We live in politically divisive times. And those
divisions even find their way into our marriages.
According to one study, 29 percent of Americans who were either married or in a relationship said today’s political climate causes tension with their partner.
If you and your husband disagree politically,
you might feel like you’re trapped in one of those cable news shows where
ideological rivals just keep shouting over each other. Or you might be
simmering silently, aghast and puzzled at his opinions.
Either way, your diverging beliefs may be creating distance between you. And that can lead to deeper problems if you don’t find a way to manage your differences.
You can still have a successful marriage if the two of you argue over politics sometimes. Political conflicts become a problem only if you handle them in ways that are detrimental to your marriage. It’s especially important to never show contempt for each other when you’re disagreeing over politics — or anything else, for that matter. Contempt is one of the biggest red flags that your relationship is in trouble.
Instead, handle political disagreements in your
marriage the same way you would other types of conflict: with respect and love.
Don’t bring up points of political disagreement when you are
tired, irritated or feel like you can’t control yourself — or when you can tell
that your husband is experiencing one of those states.
Pause, hold hands and make eye contact when you’re disagreeing.
When you are in touch with the humanity of your partner, you’ll be less likely
to say things you will regret later.
If things get too heated, take a timeout so you can both get to a
Conflict With Positivity
You can counteract some of the damage that political conflicts in your marriage cause by actively making an effort to remember all that is positive about your partner and your marriage. I’ve written before about how John Gottman discovered that spouses in successful marriages share more positive interactions than negative ones—a lot more. Happy, long-married couples have 20 positive interactions for every negative one. Even when they’re in conflict, their ratio is still five positives for every negative.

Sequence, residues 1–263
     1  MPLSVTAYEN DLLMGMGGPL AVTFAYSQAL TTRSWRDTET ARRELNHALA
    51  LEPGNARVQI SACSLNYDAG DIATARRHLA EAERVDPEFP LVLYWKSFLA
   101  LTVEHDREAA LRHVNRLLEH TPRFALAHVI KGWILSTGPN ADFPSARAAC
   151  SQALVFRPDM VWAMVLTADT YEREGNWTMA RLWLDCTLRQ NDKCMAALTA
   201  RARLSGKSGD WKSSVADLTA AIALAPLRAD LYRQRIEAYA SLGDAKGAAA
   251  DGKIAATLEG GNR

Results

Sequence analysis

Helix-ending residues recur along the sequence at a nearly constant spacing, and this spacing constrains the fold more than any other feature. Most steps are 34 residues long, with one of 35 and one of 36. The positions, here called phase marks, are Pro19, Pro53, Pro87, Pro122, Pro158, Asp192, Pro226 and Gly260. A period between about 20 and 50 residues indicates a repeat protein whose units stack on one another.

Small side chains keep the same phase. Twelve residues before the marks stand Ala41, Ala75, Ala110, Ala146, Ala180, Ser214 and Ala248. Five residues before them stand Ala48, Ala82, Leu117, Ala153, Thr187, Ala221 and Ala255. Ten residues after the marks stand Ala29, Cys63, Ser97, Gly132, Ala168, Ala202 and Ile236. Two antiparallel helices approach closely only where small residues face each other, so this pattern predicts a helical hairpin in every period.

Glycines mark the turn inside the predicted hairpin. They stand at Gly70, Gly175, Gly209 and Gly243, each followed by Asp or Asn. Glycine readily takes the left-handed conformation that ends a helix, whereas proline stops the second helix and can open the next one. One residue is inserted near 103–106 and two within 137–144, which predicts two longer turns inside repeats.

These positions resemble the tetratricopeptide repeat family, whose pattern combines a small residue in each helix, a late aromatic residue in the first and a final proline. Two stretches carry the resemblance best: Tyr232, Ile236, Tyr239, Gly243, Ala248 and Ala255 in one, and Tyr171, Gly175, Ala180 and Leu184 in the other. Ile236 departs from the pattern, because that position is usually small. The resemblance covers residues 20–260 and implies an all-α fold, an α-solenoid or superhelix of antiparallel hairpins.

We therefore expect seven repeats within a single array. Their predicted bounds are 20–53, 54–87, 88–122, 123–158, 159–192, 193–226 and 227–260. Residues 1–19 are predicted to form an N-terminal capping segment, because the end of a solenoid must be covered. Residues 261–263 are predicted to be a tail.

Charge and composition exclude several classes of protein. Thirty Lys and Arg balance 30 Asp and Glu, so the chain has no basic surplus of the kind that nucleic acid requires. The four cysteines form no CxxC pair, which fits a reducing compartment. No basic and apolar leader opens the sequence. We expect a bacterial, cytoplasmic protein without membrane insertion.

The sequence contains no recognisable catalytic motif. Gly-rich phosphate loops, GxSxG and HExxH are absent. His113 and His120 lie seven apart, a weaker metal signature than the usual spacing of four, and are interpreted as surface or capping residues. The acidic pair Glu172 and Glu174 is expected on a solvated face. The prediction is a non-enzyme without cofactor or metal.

That’s something to keep in mind if politics are
a source of negativity in your marriage. When the two of you are regularly
kind, respectful and appreciative with each other, political conflicts will be
easier to navigate.
Reducing Your Overall Stress
If political differences with your husband are
pushing your buttons more than usual lately, remember that your marriage is
being affected by outside forces. In other words, your problems aren’t solely
caused by issues between the two of you.
First, it’s not your imagination that the overall political climate has grown more polarized and divisive. The society that we live in always has some influence on our relationships. And, in this case, that impact is turning up the heat around political differences we might have glossed over in the past.
Then there’s everyday stress. In a 2018 survey by the American Psychiatric Association, about 40 percent of Americans said they had grown more anxious in the past year. When we’re more stressed, we tend to magnify the negative traits we see in our partners. So, as an experiment, try focusing on reducing your stress and see if that affects how you feel about your political differences.
perfectly fine if the two of you just decide to agree to disagree about
politics and not discuss the issues that get you heated.
That’s what’s working for one of the couples in a New York Times article about partners with opposing political beliefs:
The next morning (after
the 2016 election), with tears in my eyes, I told Nisim we were going to have
to get divorced because I could not live with him for the next four years. He
said, “Honey, we’re not going to get divorced. We’re just not going to talk
about politics for the next four years.”
Get Curious and Listen
For other couples, though, it can be beneficial to try to better understand each other’s beliefs. We tend to assume an awful lot about other people, even our spouses, based on how they vote. But just because someone supports a political party or official on one stance, doesn’t mean that they wholeheartedly embrace everything in that party or official’s agenda. Having the courage to get curious and to listen deeply can help you get past any assumptions you are holding about each other’s political opinions. It can also help you decide whether your spouse’s beliefs are ones you simply dislike or whether they violate your deep values (in which case the issues with your marriage probably go beyond the scope of this article).
Remember That Facts
Don’t Change Minds
Right now, you might be thinking, “That’s